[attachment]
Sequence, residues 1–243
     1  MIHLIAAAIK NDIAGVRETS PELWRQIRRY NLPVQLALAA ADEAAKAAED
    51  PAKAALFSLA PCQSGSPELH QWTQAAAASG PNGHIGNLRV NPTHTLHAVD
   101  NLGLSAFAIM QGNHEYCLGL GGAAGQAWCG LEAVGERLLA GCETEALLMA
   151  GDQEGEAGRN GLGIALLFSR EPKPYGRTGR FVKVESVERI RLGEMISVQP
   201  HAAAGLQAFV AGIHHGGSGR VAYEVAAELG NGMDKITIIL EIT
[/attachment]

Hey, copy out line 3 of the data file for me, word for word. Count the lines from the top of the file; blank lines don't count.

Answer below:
    51  PAKAALFSLA PCQSGSPELH QWTQAAAASG PNGHIGNLRV NPTHTLHAVD